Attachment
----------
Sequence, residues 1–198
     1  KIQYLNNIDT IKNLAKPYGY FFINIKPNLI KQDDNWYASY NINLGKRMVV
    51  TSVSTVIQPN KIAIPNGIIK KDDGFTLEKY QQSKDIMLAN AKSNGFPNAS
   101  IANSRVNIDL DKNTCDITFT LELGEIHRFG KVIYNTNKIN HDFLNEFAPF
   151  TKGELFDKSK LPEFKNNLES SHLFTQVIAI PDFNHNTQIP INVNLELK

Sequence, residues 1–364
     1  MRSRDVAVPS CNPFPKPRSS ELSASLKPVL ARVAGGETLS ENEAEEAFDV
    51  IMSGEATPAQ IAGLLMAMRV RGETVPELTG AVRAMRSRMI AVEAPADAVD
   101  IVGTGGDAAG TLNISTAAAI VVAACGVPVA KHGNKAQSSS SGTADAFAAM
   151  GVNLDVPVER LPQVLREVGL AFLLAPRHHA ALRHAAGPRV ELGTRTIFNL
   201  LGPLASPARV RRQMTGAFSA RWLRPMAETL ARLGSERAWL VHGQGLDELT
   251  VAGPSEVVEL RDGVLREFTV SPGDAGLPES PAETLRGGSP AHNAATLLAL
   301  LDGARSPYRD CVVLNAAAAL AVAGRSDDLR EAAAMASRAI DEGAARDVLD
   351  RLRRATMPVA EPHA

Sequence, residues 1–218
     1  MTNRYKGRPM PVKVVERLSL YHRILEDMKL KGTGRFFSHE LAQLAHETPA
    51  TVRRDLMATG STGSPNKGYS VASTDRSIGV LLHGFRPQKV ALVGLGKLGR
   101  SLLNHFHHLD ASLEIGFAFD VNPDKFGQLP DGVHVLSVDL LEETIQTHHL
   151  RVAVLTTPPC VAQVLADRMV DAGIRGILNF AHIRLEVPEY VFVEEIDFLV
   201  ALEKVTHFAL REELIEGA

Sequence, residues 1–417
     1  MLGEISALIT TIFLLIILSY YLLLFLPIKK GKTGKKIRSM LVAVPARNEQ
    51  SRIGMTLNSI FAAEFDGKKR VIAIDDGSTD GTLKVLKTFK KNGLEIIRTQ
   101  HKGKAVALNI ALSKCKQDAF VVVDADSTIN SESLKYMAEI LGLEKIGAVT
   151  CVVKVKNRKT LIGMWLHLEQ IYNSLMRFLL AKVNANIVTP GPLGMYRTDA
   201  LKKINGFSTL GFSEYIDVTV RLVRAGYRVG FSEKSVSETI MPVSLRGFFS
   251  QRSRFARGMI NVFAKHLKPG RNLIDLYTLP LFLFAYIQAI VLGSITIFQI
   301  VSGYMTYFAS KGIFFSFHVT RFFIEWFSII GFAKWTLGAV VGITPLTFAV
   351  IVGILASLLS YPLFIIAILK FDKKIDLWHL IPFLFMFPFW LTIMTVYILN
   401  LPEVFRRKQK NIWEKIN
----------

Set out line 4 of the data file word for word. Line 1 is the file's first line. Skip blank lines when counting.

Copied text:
   101  IANSRVNIDL DKNTCDITFT LELGEIHRFG KVIYNTNKIN HDFLNEFAPF